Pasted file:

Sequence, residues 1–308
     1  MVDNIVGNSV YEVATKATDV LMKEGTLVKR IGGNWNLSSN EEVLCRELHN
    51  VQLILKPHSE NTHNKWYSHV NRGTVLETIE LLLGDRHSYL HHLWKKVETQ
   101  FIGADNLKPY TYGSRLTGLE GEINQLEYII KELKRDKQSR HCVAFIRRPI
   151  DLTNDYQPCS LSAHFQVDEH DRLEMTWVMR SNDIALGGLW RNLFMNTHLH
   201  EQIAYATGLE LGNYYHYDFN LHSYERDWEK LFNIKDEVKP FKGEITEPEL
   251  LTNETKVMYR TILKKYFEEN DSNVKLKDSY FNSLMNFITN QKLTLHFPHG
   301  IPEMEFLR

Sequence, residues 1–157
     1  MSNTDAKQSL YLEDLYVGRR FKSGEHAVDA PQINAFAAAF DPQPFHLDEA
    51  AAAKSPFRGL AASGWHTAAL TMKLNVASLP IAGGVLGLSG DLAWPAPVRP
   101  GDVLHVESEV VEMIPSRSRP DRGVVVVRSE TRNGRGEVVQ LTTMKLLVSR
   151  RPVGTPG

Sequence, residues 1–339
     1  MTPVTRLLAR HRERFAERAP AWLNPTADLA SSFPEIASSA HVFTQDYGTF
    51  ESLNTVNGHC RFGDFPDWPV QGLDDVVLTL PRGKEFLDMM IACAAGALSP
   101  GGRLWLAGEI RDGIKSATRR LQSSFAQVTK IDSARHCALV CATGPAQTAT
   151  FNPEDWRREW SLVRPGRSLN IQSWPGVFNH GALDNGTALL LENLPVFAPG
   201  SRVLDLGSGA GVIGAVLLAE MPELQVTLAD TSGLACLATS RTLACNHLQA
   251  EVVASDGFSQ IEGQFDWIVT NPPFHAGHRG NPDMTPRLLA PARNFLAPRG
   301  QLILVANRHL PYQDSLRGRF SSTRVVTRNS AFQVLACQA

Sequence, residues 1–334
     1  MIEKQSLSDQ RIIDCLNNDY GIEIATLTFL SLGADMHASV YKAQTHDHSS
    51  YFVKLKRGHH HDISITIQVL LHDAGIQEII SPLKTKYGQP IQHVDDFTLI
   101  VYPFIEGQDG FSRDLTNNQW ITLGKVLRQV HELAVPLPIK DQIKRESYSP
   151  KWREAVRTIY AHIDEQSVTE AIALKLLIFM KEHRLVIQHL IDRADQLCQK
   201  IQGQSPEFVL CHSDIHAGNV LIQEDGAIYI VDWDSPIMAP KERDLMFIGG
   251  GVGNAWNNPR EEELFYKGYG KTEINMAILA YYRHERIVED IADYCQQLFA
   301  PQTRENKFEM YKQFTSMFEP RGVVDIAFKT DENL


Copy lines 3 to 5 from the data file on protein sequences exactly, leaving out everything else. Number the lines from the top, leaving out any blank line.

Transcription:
    51  VQLILKPHSE NTHNKWYSHV NRGTVLETIE LLLGDRHSYL HHLWKKVETQ
   101  FIGADNLKPY TYGSRLTGLE GEINQLEYII KELKRDKQSR HCVAFIRRPI
   151  DLTNDYQPCS LSAHFQVDEH DRLEMTWVMR SNDIALGGLW RNLFMNTHLH